Citations in this section should be limited to data sources and
references of where to find more complete descriptions of procedures.
• The results are actual statements of observations,
including statistics, tables and graphs.
• Indicate information on range of variation.
• Mention negative results as well as positive.
• Lay out the case as for a jury. Present sufficient
details so that others can draw their own inferences
and construct their own explanations.
• Use S.I. units (m, s, kg, W, etc.) throughout the
• Break up your results into logical segments by using
• Key results should be stated in clear sentences at
the beginning of paragraphs.
The discussion section should be a brief essay in itself, answering the
1. What are the relationships, trends and generalizations
among the results?
2. Is there agreement or disagreement with previous work?
3. what is the relationship of the present results to the
4. What is the implication of the present results for other
unanswered questions in earth sciences, ecology,
environmental policy, etc....?
5. Multiple hypotheses: There are usually several possible
explanations for results..
6. What are the things we now know or understand that we
didn't know or understand before the present work?
7. What is the significance of the present results: why
should we care?
This section should be rich in references to similar work and
background needed to interpret results.
• What is the strongest and most important statement that
you can make from your observations?
• If you met the reader at a meeting six months from now,
what do you want them to remember about your paper?
Refer back to problem posed, and describe the
conclusions that you reached from carrying out this
investigation, summarize new observations, new
interpretations, and new insights that have resulted from
the present work.
Include the broader implications of your results.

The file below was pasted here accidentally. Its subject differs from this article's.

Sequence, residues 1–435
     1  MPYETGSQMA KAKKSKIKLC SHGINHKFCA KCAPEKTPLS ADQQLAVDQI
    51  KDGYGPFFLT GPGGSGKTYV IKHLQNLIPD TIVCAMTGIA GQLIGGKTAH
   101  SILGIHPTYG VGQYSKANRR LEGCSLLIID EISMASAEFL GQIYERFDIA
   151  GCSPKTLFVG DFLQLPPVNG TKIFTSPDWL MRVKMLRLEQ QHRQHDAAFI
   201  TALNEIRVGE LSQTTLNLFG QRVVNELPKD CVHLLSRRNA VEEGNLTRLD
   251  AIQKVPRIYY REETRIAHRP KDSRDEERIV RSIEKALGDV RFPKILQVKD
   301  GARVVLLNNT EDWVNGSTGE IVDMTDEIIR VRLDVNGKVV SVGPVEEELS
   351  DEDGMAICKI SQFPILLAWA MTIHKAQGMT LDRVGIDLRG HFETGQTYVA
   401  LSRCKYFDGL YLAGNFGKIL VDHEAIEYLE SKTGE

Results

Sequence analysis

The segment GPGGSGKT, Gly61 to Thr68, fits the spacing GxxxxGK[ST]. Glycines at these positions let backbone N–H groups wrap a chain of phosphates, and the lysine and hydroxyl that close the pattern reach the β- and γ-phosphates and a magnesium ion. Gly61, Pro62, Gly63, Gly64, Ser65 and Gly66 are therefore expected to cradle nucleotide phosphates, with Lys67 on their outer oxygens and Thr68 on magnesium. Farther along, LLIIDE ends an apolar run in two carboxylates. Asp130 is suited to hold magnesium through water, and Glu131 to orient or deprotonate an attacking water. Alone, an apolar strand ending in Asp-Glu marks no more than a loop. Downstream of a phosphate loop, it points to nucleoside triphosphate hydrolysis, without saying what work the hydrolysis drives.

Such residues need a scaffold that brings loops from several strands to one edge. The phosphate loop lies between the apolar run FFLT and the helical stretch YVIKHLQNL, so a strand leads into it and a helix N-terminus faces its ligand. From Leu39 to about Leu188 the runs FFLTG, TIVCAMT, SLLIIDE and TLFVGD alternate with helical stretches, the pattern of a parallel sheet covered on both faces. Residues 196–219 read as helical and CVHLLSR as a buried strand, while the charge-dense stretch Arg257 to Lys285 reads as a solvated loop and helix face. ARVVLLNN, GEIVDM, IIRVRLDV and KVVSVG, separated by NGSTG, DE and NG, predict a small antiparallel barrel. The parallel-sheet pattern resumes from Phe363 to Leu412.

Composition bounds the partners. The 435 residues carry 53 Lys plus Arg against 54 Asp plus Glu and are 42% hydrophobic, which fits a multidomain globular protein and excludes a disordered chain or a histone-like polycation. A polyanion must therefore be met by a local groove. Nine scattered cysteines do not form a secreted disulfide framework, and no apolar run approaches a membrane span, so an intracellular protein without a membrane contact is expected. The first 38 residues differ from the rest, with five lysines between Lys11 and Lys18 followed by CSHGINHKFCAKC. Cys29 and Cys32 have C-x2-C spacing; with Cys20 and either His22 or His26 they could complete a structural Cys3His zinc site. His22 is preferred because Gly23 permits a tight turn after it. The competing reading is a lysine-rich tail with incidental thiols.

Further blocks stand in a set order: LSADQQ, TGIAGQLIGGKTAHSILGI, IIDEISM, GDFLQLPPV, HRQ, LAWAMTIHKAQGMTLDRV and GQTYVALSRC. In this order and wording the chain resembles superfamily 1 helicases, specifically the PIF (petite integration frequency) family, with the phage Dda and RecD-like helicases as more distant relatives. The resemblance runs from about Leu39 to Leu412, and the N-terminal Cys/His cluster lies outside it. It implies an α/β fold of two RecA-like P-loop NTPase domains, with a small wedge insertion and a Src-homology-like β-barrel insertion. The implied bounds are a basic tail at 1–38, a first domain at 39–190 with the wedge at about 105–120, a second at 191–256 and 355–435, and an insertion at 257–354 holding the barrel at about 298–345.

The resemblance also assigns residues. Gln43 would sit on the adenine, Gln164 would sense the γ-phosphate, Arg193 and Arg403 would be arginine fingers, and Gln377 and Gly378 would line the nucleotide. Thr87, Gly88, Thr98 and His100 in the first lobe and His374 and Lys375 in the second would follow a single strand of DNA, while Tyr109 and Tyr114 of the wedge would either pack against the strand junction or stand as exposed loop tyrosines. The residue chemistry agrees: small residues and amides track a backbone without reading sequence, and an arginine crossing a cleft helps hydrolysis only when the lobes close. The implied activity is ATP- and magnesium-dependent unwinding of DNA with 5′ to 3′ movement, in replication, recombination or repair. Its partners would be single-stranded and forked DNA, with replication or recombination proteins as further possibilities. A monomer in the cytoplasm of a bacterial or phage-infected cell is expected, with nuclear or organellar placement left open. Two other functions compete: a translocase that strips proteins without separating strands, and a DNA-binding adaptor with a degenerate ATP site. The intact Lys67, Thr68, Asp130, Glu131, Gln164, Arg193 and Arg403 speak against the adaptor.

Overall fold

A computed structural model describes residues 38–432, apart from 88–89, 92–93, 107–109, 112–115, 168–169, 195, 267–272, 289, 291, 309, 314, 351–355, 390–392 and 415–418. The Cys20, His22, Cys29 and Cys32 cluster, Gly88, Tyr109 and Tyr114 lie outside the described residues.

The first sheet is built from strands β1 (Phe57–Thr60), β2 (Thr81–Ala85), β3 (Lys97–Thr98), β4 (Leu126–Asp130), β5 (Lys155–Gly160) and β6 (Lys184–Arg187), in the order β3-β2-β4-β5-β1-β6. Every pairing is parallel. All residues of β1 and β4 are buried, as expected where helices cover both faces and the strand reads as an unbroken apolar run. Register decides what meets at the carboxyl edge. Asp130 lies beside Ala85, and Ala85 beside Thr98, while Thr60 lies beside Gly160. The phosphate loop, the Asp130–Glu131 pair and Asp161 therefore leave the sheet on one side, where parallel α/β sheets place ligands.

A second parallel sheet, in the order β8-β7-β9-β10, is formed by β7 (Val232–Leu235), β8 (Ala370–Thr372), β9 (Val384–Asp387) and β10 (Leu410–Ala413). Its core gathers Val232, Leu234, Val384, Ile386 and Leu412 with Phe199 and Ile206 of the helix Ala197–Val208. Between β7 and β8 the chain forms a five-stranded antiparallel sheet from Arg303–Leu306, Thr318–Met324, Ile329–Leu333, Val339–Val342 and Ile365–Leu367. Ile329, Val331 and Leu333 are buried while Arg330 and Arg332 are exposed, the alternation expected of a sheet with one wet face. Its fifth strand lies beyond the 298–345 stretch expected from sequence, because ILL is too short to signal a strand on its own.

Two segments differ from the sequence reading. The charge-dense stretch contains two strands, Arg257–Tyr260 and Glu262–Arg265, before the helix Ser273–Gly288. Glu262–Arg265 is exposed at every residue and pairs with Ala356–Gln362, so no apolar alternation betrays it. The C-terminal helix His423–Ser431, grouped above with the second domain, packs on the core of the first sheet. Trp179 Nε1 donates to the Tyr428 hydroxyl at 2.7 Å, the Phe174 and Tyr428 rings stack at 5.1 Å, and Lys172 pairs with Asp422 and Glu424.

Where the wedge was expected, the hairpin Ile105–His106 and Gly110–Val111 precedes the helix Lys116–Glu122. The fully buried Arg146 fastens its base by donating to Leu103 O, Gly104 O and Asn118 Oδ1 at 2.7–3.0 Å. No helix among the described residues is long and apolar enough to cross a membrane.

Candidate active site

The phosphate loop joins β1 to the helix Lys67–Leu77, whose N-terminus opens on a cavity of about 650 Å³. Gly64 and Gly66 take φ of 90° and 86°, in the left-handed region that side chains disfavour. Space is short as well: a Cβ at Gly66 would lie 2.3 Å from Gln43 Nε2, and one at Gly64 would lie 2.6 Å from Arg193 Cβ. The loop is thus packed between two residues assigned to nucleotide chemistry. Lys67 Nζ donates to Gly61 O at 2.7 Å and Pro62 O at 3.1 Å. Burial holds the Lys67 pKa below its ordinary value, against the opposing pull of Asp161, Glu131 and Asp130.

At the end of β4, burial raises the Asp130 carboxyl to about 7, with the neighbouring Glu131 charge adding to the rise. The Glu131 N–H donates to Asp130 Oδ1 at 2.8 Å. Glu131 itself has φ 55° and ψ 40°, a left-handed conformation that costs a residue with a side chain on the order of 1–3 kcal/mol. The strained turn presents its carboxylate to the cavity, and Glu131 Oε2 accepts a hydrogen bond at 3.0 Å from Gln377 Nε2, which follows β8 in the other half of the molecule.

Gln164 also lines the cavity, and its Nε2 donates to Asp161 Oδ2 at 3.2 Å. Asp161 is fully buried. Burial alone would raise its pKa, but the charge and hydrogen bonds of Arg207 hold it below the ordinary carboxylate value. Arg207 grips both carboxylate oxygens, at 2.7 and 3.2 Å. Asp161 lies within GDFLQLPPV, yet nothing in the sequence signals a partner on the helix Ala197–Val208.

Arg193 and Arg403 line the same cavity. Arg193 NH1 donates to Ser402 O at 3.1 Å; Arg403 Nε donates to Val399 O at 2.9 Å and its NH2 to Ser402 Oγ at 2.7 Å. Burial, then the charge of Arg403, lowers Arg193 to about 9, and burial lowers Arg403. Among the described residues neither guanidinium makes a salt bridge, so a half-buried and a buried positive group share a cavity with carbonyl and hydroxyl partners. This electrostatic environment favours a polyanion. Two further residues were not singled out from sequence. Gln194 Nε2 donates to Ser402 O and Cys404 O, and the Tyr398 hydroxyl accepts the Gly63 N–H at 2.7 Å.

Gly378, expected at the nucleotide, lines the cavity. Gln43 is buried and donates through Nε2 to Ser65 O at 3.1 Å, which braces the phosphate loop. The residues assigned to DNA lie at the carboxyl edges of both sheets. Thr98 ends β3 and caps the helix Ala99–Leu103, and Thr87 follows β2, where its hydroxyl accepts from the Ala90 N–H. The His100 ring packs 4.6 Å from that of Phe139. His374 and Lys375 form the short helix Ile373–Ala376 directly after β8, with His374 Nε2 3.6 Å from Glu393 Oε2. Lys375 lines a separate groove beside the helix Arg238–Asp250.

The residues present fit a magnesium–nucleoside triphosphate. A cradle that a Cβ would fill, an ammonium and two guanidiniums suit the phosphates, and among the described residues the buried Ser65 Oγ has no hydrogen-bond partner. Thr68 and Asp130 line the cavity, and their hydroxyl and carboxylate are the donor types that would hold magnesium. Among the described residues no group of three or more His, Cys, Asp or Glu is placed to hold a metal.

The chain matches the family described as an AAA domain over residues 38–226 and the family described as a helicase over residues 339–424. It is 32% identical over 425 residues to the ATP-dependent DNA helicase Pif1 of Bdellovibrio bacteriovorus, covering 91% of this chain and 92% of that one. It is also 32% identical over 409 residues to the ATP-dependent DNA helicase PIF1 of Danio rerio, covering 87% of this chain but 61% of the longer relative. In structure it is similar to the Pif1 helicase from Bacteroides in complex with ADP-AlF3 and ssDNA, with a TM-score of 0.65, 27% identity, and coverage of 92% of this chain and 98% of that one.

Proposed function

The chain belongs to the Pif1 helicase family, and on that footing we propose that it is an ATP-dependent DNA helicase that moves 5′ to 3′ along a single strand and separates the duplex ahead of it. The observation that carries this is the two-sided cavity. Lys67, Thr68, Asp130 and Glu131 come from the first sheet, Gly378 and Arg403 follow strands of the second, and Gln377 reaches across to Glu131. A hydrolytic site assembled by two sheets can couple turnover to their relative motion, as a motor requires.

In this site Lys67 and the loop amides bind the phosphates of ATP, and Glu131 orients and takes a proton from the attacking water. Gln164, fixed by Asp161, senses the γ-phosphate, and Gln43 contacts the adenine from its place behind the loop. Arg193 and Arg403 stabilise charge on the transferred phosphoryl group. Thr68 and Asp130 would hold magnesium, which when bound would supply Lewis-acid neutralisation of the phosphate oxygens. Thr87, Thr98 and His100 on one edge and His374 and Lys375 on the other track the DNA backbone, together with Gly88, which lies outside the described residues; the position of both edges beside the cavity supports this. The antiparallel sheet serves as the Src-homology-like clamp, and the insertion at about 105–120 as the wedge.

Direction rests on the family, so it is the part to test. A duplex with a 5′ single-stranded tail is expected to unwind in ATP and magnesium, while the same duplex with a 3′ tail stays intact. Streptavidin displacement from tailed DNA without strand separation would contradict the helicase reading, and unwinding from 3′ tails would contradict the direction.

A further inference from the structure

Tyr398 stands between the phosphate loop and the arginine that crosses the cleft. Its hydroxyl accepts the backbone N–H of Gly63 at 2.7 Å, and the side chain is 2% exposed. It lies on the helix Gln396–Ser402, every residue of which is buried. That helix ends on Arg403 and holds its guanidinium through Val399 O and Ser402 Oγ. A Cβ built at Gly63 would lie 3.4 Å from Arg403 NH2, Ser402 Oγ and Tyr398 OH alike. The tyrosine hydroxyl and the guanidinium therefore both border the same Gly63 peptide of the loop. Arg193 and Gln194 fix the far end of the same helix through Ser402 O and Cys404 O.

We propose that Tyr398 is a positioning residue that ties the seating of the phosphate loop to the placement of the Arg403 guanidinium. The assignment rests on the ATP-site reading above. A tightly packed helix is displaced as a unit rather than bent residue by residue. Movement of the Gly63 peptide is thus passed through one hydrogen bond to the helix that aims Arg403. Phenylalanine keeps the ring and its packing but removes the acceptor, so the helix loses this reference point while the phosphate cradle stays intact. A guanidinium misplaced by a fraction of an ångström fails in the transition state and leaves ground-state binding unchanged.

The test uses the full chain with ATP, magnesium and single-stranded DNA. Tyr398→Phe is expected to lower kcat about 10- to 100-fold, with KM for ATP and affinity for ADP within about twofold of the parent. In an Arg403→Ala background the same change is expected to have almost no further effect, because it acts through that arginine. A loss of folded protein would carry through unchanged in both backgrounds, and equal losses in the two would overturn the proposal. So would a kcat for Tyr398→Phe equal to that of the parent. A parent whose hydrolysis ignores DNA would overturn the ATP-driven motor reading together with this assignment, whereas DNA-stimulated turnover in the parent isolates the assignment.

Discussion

• Do not repeat word for word the abstract, introduction
• Include when appropriate (most of the time)
• Remedial action to solve the problem.
• Further research to fill in gaps in our understanding.
• Directions for future investigations on this or
Advisor(s) and anyone who helped you:
1. technically (including materials, supplies)
2. intellectually (assistance, advice)
3. financially (for example, departmental support, travel
• All references cited in the text must be listed.
• cite single-author references by the surname of the author
(followed by date of the publication in parenthesis)
o ... according to Hays (1994)
o ... population growth is one of the greatest environmental
concerns facing future generations (Hays, 1994).
• cite double-author references by the surnames of both
authors (followed by date of the publication in parenthesis)
o e.g. Simpson and Hays (1994)
• cite more than double-author references by the surname of
the first author followed by et al. and then the date of the
o e.g. Pfirman, Simpson and Hays would be:
o Pfirman et al. (1994)
• do not use footnotes
• Include all your data in the appendix.
• Reference data/materials not easily available (theses
are used as a resource by the department and other
• Tables (where more than 1-2 pages).
• Calculations (where more than 1-2 pages).
• You may include a key article as appendix.
• If you consulted a large number of references but did
not cite all of them, you might want to include a list of
additional resource material, etc.
• List of equipment used for an experiment or details of